The Department of Homeland Security’s internal watchdog has found that officials at the besieged southern border often failed to accurately obtain the addresses of tens of thousands of the migrants it released into the United States – finding that at least 177,000 migrants have been released after giving either an invalid or illegitimate address, or not giving one at all, to Border Patrol agents.
The DHS Office of Inspector General issued an audit finding that Border Patrol and Immigration and Customs Enforcement cannot and does not always record the post-release addresses of migrants before they are released.
The addresses are taken to track and locate migrants once they are released into the U.S., to send them documentation to determine which field offices may check in with them. Addresses are also used to locate those who are subject to deportation orders. The watchdog reviewed 981,671 migrant records between March 2021 and August 2022, which marked the first year and a half of the migrant crisis which is still raging today. They found that more than 177,000 records were either missing, invalid, or not legitimate. Notably, more than 54,000 address records were left blank.
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“USBP did not accurately and effectively capture valid addresses, in part due to the large number of migrants apprehended, as well as its limited coordination with ICE and its limited authority to administer compliance with address requirements. ICE also did not have adequate resources to validate and analyze migrants’ post-release addresses,” the IG found.
During the period monitored, Border Patrol released more than 430,000 migrants with a notice to appear (NTA) in court, 95,000 under prosecutorial discretion, and more than 318,000 under humanitarian parole. On average, the agency releases more than 60,000 migrants each month, it said.
The agency found 97,000 apartment addresses with no unit numbers, and 780 addresses were used more than 20 times. Seven addresses were recorded more than 500 times, some of them being federal agencies or charities, which can be noted by Border Patrol but only serve as temporary residences. ICE also found one individual whom 100 migrants used as a point of contact.
“The notable percentage of missing, invalid, or duplicate addresses on file means DHS may not be able to locate migrants following their release into the United States. As the Department continues to apprehend and release tens of thousands of migrants each month, valid post-release addresses are essential,” the report said.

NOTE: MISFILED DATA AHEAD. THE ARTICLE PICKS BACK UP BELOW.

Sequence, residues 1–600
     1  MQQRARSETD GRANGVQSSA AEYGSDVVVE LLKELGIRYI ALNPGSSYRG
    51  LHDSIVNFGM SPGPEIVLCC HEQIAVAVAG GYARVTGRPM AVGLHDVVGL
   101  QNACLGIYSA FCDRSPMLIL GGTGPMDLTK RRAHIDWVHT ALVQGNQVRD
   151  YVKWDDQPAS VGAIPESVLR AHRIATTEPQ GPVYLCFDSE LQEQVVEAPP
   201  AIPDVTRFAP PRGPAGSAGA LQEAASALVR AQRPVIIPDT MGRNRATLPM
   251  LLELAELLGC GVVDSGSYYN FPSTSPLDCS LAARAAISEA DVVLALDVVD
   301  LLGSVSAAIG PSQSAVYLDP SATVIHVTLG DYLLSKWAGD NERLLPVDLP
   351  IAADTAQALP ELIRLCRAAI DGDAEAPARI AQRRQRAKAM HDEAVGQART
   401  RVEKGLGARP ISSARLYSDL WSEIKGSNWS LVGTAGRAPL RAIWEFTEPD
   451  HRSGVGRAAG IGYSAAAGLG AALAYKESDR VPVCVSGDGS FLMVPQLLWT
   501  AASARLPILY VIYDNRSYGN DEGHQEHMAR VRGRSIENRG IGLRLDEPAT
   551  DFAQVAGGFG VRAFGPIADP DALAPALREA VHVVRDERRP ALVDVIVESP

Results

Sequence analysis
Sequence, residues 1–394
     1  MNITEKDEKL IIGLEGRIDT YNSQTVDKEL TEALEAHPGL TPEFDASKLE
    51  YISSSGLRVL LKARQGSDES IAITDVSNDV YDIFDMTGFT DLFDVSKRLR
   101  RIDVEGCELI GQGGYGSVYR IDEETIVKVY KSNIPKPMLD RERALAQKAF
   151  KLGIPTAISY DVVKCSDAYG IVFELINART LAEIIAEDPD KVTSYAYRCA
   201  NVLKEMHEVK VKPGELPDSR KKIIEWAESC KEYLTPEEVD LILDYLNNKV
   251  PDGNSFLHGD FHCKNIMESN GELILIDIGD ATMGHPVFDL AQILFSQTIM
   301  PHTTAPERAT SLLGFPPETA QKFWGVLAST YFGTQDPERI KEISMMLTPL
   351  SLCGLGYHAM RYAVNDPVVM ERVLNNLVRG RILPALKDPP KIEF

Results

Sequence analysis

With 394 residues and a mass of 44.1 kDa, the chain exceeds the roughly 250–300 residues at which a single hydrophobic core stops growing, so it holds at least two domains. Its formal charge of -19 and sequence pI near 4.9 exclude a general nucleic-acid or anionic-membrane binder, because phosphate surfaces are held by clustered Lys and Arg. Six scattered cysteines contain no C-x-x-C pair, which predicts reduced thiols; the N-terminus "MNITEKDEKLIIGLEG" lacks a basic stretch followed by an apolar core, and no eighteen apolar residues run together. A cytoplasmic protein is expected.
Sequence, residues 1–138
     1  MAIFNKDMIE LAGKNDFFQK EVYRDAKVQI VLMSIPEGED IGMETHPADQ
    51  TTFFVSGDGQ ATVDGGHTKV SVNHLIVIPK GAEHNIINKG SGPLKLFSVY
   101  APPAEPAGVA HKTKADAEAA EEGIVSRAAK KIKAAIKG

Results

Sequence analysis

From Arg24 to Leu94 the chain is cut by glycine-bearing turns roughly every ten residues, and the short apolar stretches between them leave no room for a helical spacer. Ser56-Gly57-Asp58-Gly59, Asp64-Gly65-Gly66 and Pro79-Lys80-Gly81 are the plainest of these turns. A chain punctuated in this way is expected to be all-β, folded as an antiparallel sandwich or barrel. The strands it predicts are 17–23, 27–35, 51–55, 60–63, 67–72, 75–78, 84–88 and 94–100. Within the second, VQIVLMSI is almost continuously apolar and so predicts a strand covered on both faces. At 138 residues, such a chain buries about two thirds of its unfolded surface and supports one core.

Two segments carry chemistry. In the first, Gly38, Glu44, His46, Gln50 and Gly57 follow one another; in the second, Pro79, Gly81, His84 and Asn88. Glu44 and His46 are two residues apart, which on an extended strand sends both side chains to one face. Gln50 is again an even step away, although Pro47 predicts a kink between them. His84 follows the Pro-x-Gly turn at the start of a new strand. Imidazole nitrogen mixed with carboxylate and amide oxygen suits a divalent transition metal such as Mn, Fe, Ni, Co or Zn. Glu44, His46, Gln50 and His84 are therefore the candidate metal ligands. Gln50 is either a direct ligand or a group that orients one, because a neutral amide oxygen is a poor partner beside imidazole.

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The watchdog found that sectors with the largest numbers of migrants had the most errors, with the IG highlighting past interviews suggesting that greater migrant flow led agents to focus on speed rather than quantity when conducting data entry. It also highlighted limited coordination between Border Patrol and ICE, and limited authority for verifying addresses.
As for those migrants who were required to check in with ICE, the watchdog found that of a sample of 25,000, 52% of those with a dash input as the address did not check in as required. Overall, the percentage of migrants who failed to check in was 28%.
The agency recommended a plan of action to coordinate on requirements and processes, an ICE policy to validate addresses, an analysis of migrant data to identify trends and an evaluation of recourses for those overseeing addresses.
But DHS pushed back, not concurring with any of the recommendations and criticizing the report. The agency noted that challenges for verifying addresses have been an issue for decades.
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A DHS official highlighted a number of steps the agency has taken to improve tracking, including a new unified immigration portal, an online change-of-address form launched in April and a specialized docket for those who do not have a valid address. They also highlighted funding secured that has led to more processing officials hired and more agents employed.
“Our immigration system is broken and outdated and Congress needs to fix it. Even under those outdated laws, the Department has improved how noncitizens are processed and vetted. Individuals seeking to come to the United States are screened by DHS and our intelligence and counterterror partners to prevent anyone who poses a threat from entering the country,” a spokesperson said in a statement.
“The IG ignores legal and operational constraints that make it impossible for the Department to implement its recommendations,” they said. “The report also excludes several recent DHS improvements to how we track and update noncitizen addresses across agencies.”
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The report comes as migrant numbers have been on the increase. Fox News Digital reported this week how Border Patrol has set bookout targets to deal with a surge of migrants at the border. CBP sources told Fox News that on Monday, Border Patrol apprehended more than 7,300 illegal immigrants and now has over 22,000 migrants in custody, the sources said.